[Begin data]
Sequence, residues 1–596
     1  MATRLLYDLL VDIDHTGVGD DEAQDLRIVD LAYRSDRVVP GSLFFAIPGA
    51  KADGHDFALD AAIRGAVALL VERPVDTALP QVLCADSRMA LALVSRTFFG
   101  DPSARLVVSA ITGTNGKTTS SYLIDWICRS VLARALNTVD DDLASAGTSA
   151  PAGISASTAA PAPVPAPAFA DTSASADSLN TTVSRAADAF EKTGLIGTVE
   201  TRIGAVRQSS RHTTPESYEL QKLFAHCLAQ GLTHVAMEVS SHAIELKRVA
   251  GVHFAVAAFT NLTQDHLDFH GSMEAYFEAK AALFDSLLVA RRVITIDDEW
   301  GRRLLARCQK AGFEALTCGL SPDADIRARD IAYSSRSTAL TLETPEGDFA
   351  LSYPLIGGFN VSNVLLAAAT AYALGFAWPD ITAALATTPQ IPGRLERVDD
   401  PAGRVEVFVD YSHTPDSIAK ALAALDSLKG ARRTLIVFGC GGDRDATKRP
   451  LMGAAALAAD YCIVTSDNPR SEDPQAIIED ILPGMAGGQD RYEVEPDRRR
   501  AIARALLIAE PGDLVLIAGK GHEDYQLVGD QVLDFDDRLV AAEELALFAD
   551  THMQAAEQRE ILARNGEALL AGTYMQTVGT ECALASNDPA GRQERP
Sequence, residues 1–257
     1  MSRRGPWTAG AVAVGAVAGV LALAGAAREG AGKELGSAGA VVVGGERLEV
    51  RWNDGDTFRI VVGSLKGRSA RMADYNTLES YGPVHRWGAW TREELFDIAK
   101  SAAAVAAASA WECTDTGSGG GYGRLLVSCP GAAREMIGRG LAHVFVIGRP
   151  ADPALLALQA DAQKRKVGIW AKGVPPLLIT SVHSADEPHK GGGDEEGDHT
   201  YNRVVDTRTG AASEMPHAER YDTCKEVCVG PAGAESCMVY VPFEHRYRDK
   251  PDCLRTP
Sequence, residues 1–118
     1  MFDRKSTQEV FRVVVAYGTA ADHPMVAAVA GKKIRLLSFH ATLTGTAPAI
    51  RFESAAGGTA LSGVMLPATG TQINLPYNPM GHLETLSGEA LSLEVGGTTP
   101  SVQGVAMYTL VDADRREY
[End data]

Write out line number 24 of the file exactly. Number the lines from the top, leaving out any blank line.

   101  SVQGVAMYTL VDADRREY